Atmospheric entry heating of micrometeorites at Earth and Mars: Implications for the survival of organics

1Aaron P. Wilson,1Matthew J. Genge,2Agata M. Krzesińska,4Andrew G. Tomkins
Meteoritics & Planetary Science (in Press) Link to Article [https://doi.org/10.1111/maps.13360]
1Department of Earth Science and Engineering, Imperial College London, Exhibition Road, London, SW7 2AZ UK
2Centre for Earth Evolution and Dynamics, University of Oslo, Sem Sælands vei 2A, Oslo, 0371 Norway
3School of Earth, Atmosphere and Environment, Monash University, Melbourne, Victoria, 3800 Australia
Published by arrangement with John Wiley & Sons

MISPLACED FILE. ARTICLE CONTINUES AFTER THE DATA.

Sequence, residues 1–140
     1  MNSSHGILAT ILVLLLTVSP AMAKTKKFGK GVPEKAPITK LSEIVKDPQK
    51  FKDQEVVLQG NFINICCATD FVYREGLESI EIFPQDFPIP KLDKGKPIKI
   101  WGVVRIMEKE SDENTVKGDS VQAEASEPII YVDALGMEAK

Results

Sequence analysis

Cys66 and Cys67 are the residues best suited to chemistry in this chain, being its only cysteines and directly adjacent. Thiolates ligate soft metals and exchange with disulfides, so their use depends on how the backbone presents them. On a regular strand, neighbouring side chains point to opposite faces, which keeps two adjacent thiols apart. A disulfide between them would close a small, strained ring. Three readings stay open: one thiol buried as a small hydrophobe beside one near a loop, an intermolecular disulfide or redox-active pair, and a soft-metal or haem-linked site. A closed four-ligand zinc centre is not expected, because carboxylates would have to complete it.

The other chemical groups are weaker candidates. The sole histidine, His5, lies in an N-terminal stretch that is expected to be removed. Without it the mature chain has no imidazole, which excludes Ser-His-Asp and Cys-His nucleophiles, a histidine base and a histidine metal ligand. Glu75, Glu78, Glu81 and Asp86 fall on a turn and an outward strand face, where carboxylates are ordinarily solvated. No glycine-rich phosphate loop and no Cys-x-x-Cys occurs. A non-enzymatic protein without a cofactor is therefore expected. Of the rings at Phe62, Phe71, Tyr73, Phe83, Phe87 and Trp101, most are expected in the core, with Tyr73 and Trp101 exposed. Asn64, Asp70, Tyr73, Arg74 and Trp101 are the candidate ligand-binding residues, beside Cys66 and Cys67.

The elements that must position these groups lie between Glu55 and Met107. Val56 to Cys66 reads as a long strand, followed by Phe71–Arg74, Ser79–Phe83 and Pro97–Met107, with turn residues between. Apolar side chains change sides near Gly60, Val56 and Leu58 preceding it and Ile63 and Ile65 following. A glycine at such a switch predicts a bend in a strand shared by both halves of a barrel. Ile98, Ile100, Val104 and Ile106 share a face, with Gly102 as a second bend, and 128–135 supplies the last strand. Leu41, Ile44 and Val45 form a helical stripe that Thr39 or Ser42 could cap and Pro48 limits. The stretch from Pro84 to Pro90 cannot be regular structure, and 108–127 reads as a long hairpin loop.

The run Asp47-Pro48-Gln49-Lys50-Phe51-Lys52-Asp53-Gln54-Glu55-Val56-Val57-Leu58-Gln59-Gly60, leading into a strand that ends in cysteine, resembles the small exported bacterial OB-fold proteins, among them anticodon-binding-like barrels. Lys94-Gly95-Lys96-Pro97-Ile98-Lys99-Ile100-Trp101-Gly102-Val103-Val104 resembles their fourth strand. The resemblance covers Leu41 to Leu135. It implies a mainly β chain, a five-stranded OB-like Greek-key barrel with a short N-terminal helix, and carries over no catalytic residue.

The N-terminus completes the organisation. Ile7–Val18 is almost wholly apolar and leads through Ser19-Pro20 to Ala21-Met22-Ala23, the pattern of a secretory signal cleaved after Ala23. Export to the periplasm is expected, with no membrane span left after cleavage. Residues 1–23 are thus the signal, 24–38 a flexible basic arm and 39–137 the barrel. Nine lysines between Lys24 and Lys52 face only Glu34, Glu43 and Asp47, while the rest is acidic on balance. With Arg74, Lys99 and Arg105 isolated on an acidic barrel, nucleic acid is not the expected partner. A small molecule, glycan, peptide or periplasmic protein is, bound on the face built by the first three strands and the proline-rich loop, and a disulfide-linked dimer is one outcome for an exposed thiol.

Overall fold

The atmospheric entry heating of micrometeorites (MMs) can significantly alter their pre‐existing mineralogy, texture, and organic material. The degree of heating depends predominantly on the gravity and atmospheric density of the planet on which they fall. For particles falling on Earth, the alteration can be significant, leading to the destruction of much of the pre‐entry organics; however, the weaker gravity and thinner atmosphere of Mars enhance the survival of MMs and increase the fraction of particles that preserve organic material. This paper investigates the entry heating of MMs on the Earth and Mars in order to examine the MM population on each planet and give insights into the survival of extraterrestrial organic material. The results show that particles reaching the surface of Mars experience a lower peak temperature compared to Earth and, therefore, experience less evaporative mass loss. Of the particles which reach the surface, 68.2% remain unmelted on Mars compared to only 22.8% on Earth. Due to evaporative mass loss, unmelted particles that reach the surface of Earth are restricted to sizes <70 μm whereas particles >475 μm survive unmelted on Mars. Approximately 10% of particles experience temperatures below ~800 K, that is, the sublimation temperature of refractory organics found in MMs. On Earth, this fraction is significantly lower with less than 1% expected to remain below this temperature. Lower peak temperatures coupled with the larger sizes of particles surviving without significant heating on Mars suggest a much higher fraction of organic material surviving to the Martian surface.

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